• Kyodo


Japan pledged some $720 million (¥75 billion) over the next four years for Afghan reconstruction at an international conference in Geneva on Tuesday that brought together some 100 countries and international organizations to help the war-torn country recover from years of violence.

Foreign Minister Toshimitsu Motegi, in his statement, said, “Japan continues to stand with the Afghan government and its people. We will work on providing assistance from 2021 to 2024, maintaining the amount comparable to the past four years, which was $180 million per year.”

Japan and 65 other countries as well as 32 international organizations pledged a total of over $12 billion (¥1.225 trillion) over the period between 2021 and 2024 for the reconstruction of Afghanistan at the meeting held at the United Nations’ European headquarters and online due to the coronavirus pandemic.

In a communique adopted at the mostly virtual meeting, the participants expressed “deep concerns” over ongoing violence in the war-ravaged country, calling for an “immediate permanent and comprehensive ceasefire.”

The statement acknowledged the “strong desire” of the Afghan people to “sustain and build on the economic, social, political and development gains achieved since 2001,” following the collapse of the Taliban-led government in the country.

It also called for a peace process that also involves women, and ethnic, religious and other minorities.

The Afghan government has unveiled a five-year national strategy under which it will work to end serious corruption and poverty, and adhere to the rule of law.

Afghan Foreign Minister Mohammad Haneef Atmar, in his closing remarks, thanked the global donors for their pledges at a time when no country has been spared the impact of the pandemic.

Afghanistan has relied on outside assistance for most of its national budget. But the international community is seeking to build up the country’s capacity during what is often described as the “decade of transformation” from 2015 to 2024.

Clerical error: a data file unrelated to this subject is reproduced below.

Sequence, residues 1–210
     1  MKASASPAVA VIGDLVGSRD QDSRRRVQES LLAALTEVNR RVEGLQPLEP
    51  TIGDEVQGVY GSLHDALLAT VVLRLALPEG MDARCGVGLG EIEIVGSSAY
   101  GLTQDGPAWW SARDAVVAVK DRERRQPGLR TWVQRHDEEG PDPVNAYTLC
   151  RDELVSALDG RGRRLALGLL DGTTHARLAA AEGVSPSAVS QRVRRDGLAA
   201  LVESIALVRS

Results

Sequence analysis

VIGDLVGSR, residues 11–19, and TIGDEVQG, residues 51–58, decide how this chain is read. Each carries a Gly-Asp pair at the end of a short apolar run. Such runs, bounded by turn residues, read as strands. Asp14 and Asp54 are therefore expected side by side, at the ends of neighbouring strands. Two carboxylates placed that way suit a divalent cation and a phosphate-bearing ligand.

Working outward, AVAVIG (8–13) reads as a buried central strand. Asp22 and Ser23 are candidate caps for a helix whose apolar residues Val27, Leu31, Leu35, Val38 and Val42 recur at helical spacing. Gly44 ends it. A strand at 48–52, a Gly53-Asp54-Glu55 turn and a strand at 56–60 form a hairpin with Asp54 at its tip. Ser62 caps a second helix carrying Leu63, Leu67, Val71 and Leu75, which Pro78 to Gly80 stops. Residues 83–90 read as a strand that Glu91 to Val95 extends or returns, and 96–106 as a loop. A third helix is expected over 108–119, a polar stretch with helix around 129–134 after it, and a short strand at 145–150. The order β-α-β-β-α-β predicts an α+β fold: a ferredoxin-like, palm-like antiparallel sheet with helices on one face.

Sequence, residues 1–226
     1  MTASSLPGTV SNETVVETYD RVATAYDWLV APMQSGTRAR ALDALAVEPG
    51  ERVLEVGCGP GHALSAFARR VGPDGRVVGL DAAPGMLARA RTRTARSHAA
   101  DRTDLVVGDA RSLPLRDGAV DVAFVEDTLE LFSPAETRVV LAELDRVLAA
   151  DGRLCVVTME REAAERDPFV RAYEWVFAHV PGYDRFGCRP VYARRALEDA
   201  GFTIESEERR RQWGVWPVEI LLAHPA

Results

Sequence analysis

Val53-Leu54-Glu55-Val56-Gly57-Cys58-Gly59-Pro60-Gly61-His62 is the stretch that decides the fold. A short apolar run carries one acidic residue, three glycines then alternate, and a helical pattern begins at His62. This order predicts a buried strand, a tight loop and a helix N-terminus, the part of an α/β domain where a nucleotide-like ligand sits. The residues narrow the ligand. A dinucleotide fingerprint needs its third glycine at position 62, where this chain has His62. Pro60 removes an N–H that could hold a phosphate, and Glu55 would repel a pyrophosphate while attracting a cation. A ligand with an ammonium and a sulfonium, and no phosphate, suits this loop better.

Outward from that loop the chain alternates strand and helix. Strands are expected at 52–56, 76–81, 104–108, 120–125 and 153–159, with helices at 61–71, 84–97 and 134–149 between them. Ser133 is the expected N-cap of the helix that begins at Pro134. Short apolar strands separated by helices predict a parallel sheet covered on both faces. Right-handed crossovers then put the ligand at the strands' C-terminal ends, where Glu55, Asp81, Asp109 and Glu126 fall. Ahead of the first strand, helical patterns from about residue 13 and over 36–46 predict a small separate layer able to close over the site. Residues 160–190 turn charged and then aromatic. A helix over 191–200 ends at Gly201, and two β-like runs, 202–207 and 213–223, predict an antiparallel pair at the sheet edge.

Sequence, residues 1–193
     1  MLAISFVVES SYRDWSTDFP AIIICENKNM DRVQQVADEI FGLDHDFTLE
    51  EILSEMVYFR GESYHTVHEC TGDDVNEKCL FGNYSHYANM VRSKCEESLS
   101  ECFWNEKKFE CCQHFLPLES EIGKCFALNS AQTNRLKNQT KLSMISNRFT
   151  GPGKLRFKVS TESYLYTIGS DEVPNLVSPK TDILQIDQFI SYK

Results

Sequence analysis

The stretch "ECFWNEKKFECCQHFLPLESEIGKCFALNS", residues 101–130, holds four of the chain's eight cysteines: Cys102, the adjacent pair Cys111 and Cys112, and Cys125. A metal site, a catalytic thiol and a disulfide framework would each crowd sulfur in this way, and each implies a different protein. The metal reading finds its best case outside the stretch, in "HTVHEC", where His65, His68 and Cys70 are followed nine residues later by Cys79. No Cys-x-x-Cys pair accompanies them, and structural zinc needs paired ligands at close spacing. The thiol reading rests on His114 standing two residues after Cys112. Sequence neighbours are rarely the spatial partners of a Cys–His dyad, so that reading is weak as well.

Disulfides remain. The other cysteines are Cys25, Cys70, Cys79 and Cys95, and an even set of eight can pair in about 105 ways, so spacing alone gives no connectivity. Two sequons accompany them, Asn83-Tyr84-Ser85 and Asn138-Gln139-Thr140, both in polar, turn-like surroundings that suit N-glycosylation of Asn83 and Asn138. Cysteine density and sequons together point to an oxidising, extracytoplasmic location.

The Afghan government and the Taliban have been in talks since September for permanent ceasefire. But the country remains unstable amid a spate of attacks by the Taliban and terror attacks by the Islamic State extremist group.

“For the negotiations to move forward, we call on all the concerned parties for an immediate and comprehensive ceasefire. We strongly hope that the negotiations will lead to sustainable peace, and ensure the achievements of the nation-building in the past 19 years,” Motegi said.

The Afghan reconstruction meeting followed similar meetings in 2012 and 2016. The international community pledged over $16 billion for Afghan reconstruction at the first meeting in Tokyo and $15.2 billion at the second one in Brussels.

Japan has provided some $6.8 billion over the period between the collapse of the Taliban-led government in Afghanistan in 2001 and this month, according to its Foreign Ministry.

Motegi said that with progress in the peace process, Japan is “ready to consider additional support” beyond the amount just committed over the next four years.

“From this standpoint, it is important that the Afghan government take on full responsibility to make progress on issues such as the rule of law and anti-corruption under the Afghanistan Partnership Framework — only then, can our assistance be provided.”

Japanese assistance, he said, will continue to focus on areas such as agriculture, rural development, education, health and infrastructure.

The United States sent troops into Afghanistan in 2001 to go up against the al-Qaida organization and the Taliban, which harbored the group, in the wake of the Sept. 11 terror attacks.

It reached a peace agreement with Taliban insurgents in February under which all U.S. troops would withdraw within 14 months if the Taliban meets its commitments, including to a reduction in violence.

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